As providers of an essential service, commercial fishermen have been busy working to feed an increasingly concerned American public. We watched supply chains and meat-packing plants slow and close down across the country this spring and summer. Meanwhile, fishermen are working to keep wild, sustainable protein in the pipeline and on American plates.

While you make strides, as yet unassisted by the promised aid of the federal government, you are still being forced to bat away at global industries bent on taking over fishing grounds and contaminating wild fish habitat. The march toward offshore wind power and Pebble Mine has not slowed, even as fishermen have been taking every precaution necessary to ensure that your boats are running, your crews are healthy and your customers have food to eat.

A recent SalmonState survey of 800 Alaska fishermen revealed that 58 percent are worried about bad policy decisions being implemented while they are distracted by health and safety concerns of operating their essential businesses and services in the midst of a pandemic.

Nearly 70 percent of those respondents were also concerned about preventing the spread of covid-19 in Alaska’s remote coastal communities.

As we sent this issue off to the printer, the Bristol Bay fleet was descending on Naknek, King Salmon and Dillingham, provisioning boats, preparing crew and tuning up engines. You all are in our thoughts.

And with the Alaska fleet in mind, this issue incorporates our annual Pilothouse Guide. The tradition of printing West Coast and Alaska port resources began with the Alaska Fisherman’s Journal, which we incorporated into NF in 2006. I am proud to have helped continue that tradition since then, and I hope we can bring you many more.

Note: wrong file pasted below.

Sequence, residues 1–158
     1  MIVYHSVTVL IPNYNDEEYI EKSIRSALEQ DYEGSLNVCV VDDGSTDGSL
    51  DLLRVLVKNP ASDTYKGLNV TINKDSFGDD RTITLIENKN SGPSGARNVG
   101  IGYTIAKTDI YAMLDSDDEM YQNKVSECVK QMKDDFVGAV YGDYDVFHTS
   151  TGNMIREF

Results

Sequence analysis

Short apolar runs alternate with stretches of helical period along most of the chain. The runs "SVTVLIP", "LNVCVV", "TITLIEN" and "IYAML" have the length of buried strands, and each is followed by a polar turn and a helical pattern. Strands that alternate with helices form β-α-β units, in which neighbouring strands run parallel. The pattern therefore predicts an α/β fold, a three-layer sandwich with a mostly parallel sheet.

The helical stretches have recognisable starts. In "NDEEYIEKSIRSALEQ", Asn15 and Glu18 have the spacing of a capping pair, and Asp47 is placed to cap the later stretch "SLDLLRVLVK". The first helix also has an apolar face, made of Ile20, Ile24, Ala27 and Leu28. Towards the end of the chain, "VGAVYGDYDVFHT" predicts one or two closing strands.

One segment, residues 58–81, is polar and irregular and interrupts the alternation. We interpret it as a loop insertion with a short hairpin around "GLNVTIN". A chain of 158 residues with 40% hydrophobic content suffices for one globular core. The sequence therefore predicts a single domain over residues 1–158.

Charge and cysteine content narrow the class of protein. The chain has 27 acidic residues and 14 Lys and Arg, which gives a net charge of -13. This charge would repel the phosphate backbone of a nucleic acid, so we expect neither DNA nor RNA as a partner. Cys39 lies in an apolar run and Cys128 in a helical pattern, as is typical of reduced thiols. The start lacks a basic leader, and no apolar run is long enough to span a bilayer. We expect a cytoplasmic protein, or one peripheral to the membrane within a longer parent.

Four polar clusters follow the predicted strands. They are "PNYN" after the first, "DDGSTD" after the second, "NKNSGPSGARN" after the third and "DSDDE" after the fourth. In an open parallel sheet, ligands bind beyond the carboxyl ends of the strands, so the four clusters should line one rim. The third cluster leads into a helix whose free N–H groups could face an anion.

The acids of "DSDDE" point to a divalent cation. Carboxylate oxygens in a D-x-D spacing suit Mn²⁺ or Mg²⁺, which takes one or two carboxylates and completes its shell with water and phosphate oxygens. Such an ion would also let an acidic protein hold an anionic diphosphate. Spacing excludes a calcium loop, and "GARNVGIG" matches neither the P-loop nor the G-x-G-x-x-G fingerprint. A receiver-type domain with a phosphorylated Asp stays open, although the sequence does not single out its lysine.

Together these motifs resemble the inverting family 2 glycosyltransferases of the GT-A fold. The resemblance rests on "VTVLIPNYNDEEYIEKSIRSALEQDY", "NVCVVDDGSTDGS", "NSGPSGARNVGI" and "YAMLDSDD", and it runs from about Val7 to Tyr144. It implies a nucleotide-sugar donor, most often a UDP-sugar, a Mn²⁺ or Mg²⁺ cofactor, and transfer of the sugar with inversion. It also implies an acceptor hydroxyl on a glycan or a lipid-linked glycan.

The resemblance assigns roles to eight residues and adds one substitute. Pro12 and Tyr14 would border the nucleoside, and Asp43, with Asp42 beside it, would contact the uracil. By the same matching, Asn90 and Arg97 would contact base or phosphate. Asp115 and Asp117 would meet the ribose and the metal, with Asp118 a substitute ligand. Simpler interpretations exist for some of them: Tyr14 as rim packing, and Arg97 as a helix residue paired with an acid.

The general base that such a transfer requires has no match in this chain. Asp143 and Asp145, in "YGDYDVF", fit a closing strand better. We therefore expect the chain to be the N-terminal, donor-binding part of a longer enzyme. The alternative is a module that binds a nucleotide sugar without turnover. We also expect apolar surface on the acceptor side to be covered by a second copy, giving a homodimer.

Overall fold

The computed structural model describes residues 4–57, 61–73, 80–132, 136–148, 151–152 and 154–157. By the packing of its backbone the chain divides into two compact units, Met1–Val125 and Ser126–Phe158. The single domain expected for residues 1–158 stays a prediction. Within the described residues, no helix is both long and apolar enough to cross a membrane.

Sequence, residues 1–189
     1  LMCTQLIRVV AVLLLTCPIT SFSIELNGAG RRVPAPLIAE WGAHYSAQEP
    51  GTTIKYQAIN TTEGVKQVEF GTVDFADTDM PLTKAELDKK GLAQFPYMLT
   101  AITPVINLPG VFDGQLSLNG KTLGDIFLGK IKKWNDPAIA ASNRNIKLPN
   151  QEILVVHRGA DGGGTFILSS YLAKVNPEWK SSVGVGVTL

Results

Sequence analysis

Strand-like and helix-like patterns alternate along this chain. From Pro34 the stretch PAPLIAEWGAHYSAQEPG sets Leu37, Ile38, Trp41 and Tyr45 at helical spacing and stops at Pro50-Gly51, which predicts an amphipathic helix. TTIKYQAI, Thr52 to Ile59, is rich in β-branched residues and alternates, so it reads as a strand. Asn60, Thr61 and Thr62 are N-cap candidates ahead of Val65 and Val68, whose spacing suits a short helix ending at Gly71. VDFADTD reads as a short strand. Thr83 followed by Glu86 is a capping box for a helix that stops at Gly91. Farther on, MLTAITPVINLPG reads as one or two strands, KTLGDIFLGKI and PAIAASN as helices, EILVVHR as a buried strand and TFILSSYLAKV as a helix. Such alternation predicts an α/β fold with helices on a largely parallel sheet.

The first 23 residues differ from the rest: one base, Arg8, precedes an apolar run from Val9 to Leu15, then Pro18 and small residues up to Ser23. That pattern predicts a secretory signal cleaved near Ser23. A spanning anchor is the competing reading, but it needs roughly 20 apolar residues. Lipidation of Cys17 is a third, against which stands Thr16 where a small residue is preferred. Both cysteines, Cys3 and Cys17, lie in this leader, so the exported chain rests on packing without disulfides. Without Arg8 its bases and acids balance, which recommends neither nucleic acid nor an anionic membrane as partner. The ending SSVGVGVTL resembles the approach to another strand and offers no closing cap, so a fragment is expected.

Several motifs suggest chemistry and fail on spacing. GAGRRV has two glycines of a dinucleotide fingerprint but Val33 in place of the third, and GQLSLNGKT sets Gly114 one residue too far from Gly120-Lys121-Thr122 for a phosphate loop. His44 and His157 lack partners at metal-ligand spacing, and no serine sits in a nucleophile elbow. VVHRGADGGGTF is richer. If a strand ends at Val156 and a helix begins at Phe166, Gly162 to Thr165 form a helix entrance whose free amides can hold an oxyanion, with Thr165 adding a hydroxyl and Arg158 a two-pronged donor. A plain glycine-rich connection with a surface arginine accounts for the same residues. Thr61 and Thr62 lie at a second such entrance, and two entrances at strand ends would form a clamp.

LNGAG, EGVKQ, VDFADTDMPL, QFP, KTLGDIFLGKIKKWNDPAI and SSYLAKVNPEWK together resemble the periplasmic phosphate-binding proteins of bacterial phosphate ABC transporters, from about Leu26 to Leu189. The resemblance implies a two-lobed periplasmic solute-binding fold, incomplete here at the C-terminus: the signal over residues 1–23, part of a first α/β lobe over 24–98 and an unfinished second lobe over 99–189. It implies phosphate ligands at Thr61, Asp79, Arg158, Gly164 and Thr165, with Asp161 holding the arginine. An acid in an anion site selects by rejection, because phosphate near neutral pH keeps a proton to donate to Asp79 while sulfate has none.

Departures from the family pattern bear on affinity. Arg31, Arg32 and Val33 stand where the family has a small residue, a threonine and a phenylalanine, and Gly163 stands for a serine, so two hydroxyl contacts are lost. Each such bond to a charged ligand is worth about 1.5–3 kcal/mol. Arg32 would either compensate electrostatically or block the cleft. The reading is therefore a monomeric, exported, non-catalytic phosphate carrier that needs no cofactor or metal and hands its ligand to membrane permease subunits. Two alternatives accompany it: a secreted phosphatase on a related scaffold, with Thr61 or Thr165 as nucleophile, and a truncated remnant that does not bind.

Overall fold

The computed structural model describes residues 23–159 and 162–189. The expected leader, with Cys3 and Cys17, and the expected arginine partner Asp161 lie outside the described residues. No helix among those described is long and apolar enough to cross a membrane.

Also in the tradition of the Journal, you’ll find Alaska fisherman Gig Decker’s feature on the wreck of the Star of Bengal, a turn-of-the-last-century salmon packer that met its fate on the rocks off Wrangell in Southeast Alaska. Decker has been fascinated by this story for years, and I’m very excited to bring his words and findings to this issue.

I am also delighted to have had the chance to review Emma Teal Laukitis and Claire Neaton’s new cookbook. You may know them as the Salmon Sisters, the Alaskans who turned XtraTufs into a fashion statement in the Lower 48, but there’s so much more to these commercial fishing siblings.

Flipping back to the East Coast, we have a feature on the Atlantic marine monument update, including a Top 10 for 2020 list of things the industry could use a little help with from the folks in Washington.

And of course, our Boats & Gear section is filled with everything you’ve come to expect from our passionate team of boat geeks — a boatbuilding profile on Aliotti Boats, what’s new in hook gear, and more products and boatyard updates, as always.

Thanks for showing up and doing all that you do every day.

Looking for more?

  • Our FREE online membership offers access to our monthly digital edition, free reports, free quarterly magazine and discussion forums.
  • For $14.95 a year, get all that plus access to our digital issue archives.
  • For $15.95 a year, get all that plus the print edition of National Fisherman.

Have you listened to this article via the audio player above?

If so, send us your feedback around what we can do to improve this feature or further develop it. If not, check it out and let us know what you think via email or on social media.

Jessica Hathaway is the former editor in chief of National Fisherman.

Join the Conversation